Archives > August 2016

It Doesn’t Have to be Over! Late Blooming Perennials

Posted by Wallish on Aug 23 2016

late blooming perennials 2 of 2As summer winds down with annuals and perennials slowing their blooming, be encouraged that it doesn’t have to all end right now.  Fall blooming perennials extend the joy of garden deep in fall while the rest of the garden is winding down and as leaves are crunching under your feet.

Fall blooming perennials withstand frost and their bloom is unaffected.  Consider adding some of these to your garden palette!

Tall Fall Blooming Sedums:

  • These are typically 18-24” tall, love a full hot sun exposure, and bloom during the  late summer in colors ranging from yellow to very dark pink.
  • Foliage colors range from pale green to dark purples.
  • These are very good performers and vigorous growers.
  • Bees love them as they tank up for their last feasts of fall.
  • There are many varieties of fall blooming sedums, some favorite cultivars are:  ‘Autumn Joy’, ‘Autumn Delight’, ‘Neon’, ‘Matrona’

Solidago  (Golden Rod)

  • Varieties range in height from 12-24”
  • Feathery golden yellow plumes light up garden spaces
  • Bees love Solidago flowers


  • Great fall color in hues of pinks, reds, and purples
  •  Varieties range in height 18-30”

Other perennials whose bloom extend into fall:

  • Alcea (Hollyhocks)
  • Chrysanthemum aka Leucanthemum
  • Echinacea (Coneflower)
  • Gaillardia (Blanket Flower)
  • Helenium (Sneezeweed)
  • Hemerocallis (Daylilies)
  • Nepeta (Catmint)
  • Pervoskia (Russian Sage)
  • Rudbeckia
  • Heliopsis (False Sunflower)
Sources:  Perennials for Every Purpose by Larry Hodgson, Green Leaf Plants,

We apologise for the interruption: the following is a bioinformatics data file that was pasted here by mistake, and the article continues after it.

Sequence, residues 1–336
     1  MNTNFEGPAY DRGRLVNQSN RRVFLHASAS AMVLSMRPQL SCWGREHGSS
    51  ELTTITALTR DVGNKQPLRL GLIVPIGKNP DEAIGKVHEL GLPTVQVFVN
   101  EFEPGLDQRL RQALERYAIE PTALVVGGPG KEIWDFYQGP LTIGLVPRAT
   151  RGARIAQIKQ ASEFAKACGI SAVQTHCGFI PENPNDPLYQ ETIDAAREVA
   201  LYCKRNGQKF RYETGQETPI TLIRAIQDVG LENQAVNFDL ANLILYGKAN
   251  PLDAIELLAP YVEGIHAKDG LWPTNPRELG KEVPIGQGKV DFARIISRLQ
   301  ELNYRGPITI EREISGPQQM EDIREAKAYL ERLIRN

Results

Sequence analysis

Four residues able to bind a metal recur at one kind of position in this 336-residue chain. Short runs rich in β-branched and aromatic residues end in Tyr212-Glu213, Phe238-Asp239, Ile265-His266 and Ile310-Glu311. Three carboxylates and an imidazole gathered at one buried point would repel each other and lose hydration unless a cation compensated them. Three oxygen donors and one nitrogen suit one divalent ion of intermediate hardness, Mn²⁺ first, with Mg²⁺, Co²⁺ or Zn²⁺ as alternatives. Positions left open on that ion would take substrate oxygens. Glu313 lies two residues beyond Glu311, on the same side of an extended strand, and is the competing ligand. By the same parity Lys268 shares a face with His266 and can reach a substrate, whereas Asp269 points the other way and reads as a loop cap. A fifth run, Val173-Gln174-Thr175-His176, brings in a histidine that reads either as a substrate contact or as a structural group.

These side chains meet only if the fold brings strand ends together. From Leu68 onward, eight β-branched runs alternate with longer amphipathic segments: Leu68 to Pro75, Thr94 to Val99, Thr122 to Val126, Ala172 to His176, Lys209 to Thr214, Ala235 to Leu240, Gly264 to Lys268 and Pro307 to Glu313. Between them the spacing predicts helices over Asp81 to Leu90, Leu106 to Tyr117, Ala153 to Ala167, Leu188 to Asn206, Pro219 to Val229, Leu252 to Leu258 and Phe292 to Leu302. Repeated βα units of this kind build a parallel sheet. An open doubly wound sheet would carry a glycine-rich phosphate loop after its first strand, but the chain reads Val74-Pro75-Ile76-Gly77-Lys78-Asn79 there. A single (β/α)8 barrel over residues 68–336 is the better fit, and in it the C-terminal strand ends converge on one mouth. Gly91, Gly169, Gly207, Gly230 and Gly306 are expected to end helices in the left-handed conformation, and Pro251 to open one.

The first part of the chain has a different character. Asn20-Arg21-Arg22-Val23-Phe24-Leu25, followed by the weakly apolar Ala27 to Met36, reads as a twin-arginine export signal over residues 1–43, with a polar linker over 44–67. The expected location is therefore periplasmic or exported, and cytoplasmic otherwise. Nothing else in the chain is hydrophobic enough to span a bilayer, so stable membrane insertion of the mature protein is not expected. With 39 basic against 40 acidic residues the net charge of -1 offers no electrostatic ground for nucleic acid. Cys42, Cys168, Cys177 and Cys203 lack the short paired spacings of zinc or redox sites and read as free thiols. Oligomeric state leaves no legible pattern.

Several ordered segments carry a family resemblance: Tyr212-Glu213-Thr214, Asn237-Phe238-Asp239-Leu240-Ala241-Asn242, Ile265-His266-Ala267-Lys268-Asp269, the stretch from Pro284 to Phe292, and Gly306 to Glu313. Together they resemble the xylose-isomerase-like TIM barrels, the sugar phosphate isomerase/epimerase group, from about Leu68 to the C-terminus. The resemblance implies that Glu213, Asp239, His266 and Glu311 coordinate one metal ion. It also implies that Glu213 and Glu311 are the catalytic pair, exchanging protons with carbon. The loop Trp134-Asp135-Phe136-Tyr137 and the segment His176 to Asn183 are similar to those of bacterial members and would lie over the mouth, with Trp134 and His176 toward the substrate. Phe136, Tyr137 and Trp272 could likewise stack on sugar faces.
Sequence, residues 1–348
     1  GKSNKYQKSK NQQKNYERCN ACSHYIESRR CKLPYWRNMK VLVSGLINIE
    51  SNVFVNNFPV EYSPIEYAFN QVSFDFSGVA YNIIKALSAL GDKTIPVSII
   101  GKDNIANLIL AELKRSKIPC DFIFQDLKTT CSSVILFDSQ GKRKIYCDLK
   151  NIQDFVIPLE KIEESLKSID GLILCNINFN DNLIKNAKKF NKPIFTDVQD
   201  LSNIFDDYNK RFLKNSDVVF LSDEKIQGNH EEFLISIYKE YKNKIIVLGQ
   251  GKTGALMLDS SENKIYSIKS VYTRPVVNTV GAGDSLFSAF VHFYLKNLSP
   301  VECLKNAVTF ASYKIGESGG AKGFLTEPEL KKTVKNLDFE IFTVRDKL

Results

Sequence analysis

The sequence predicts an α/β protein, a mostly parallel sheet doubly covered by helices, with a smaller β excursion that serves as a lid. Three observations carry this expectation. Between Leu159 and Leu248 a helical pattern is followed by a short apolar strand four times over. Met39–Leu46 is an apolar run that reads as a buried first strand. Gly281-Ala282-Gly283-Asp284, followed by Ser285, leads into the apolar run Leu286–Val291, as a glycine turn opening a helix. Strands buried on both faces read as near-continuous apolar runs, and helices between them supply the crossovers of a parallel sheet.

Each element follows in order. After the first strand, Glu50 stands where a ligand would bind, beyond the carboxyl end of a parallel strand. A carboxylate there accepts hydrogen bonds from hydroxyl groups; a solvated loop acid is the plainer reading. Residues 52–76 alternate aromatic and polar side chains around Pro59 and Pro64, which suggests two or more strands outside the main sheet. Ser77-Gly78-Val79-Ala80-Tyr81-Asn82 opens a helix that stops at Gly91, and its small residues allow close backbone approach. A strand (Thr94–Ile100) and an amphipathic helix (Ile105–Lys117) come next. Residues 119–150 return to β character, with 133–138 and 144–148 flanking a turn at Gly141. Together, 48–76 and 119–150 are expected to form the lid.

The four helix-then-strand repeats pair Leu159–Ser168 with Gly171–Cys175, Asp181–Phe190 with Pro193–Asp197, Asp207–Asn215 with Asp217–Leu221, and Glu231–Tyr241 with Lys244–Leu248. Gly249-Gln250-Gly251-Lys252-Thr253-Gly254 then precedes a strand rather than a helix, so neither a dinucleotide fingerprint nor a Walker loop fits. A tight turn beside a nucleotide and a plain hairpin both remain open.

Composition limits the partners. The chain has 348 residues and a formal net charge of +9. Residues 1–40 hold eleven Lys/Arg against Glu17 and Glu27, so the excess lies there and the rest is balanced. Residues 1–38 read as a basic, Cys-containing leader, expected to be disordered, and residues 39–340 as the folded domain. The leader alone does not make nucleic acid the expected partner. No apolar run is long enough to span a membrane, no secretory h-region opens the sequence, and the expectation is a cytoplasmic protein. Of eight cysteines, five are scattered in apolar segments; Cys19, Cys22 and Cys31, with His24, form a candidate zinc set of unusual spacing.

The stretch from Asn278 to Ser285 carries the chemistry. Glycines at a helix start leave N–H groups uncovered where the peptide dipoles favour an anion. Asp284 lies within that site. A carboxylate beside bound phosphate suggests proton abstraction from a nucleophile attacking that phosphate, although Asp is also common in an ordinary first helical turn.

Bitter, Bolting Lettuce

Posted by Wallish on Aug 2 2016

Few things are more disappointing that biting into the salad you have proudly prepared from your garden patch of fresh lettuce to find it — a bitter bite to swallow!

Why does lettuce get bitter?

1.      Summer heat –  lettuce is a cool weather crop – its favorite temperatures are below 20C

  • Mulch to keep roots cool
  • Pick in the morning
  • Immerse in cool water to soak for a bit, that can help with the bitter taste
  • Pick new leaves, not a whole head
  • Companion plant where it can get some shade from other veggies to get a break from the sun  and heat

2.      Plant successive crops every 2  or 3 weeks so the plants you are harvesting are young

3.      Too dry: browning edges of leaves

  • Water regularly in the mornings, evening watering can cause molding
  • Lettuce is a heavy feeder d/t quick growth – try organic liquid fertilizer

4.      Experiment with different varieties

  • leaf varieties & red lettuce tend to tolerate warmth more
  • Romaine tolerates high temperatures moderately

Why does lettuce bolt?

Summer heat causes lettuce to bolt – temperatures above 23C trigger lettuce to bolt & flower to produce seeds for the next generation of lettuce babies.